Poor pay,long working hours,hardly any holidays,no rights........something is deeply wrong in Japan.

Finally,after years of inertia I feel the locals are finally waking up to what is happening to their beautiful country.

I really hope they are.

7 ( +7 / -0 )

Working in Japan has been great for me. I retired a year and a half ago and still here.

0 ( +0 / -0 )

These are generally lower skilled jobs, not highly skilled jobs. At least that's true by the standards of most developed countries.

There are several hurdles placed in the way of applicants: Learning Japanese, one of the most difficult languages to master is the biggest hurdle. The other requirements are ability to "act Japanese", be a trustworthy person, and of course master the skills of the intended job.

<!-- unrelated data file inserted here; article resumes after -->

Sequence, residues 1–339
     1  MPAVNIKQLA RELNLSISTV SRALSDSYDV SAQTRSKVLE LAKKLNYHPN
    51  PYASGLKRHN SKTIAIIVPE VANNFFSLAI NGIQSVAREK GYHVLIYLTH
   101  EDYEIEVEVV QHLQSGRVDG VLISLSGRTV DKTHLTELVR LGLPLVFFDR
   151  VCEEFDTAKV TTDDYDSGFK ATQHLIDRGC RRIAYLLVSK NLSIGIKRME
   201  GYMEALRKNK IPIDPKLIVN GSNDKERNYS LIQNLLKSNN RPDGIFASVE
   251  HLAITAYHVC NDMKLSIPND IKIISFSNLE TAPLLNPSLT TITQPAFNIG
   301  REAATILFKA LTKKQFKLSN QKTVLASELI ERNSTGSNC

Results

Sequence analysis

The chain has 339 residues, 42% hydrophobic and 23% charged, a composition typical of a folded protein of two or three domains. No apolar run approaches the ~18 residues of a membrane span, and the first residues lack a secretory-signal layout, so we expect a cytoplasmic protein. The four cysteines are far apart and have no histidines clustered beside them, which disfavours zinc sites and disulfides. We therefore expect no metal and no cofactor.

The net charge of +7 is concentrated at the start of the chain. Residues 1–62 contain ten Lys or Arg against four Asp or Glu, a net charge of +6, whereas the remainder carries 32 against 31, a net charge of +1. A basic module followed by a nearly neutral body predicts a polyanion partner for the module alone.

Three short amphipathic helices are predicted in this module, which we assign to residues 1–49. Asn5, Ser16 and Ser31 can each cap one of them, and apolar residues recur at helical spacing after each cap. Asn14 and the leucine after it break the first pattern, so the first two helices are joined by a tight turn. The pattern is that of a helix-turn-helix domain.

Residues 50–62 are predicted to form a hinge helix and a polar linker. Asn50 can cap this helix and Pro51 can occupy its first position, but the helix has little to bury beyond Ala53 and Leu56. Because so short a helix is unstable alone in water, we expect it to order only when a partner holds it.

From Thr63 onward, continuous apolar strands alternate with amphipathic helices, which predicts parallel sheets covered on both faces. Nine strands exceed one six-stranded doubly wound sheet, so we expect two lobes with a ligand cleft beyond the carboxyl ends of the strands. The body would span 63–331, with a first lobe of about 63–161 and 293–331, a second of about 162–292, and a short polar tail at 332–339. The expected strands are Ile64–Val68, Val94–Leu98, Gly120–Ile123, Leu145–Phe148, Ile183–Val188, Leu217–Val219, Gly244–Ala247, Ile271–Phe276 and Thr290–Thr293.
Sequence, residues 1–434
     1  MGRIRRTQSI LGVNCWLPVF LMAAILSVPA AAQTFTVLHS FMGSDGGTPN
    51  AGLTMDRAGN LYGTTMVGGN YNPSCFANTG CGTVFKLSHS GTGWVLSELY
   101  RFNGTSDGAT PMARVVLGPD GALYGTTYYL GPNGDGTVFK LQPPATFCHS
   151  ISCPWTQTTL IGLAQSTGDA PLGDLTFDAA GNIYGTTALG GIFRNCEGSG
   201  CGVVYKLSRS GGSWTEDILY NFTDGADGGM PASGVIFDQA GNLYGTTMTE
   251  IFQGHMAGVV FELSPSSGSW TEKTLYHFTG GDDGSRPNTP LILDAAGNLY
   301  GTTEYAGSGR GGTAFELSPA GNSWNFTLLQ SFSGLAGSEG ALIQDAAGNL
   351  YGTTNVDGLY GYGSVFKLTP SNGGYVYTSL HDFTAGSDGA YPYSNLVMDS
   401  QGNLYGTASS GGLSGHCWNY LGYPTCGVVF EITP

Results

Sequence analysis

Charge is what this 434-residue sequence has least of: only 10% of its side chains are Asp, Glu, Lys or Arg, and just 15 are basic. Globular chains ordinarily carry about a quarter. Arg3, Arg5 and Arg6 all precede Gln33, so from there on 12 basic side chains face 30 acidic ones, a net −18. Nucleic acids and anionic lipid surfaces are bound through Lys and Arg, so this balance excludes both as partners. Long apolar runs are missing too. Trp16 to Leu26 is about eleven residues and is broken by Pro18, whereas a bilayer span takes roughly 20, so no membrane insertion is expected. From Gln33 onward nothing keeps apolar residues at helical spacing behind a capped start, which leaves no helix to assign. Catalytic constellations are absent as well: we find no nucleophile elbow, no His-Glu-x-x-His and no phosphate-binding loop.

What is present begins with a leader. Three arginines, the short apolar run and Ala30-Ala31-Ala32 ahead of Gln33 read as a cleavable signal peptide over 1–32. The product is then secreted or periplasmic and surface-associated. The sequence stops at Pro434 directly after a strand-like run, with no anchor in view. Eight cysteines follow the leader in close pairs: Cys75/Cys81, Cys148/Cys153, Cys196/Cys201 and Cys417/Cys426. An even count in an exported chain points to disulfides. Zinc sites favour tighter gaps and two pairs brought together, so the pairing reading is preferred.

I have been skeptical about finding 100,000 people per year who want to 'become Japanese' for a service job in a foreign country since they announce this program.

If Japan really wants these workers they need to relax the requirements a bit and accept that foreign people are not Japanese. Maybe Japan should become the best place in the world to be a service worker. What motivates and inspires these workers? Provide that and do it better than anyone else. Then you will get 100,000 applications per year.

1 ( +1 / -0 )

@Andrew Crisp

It is not the Japanese that will be making the robots, it will be the Chinese just as they are starting to make cars,phones,marble flooring, toy models, skyscrapers etc etc.

1 ( +1 / -0 )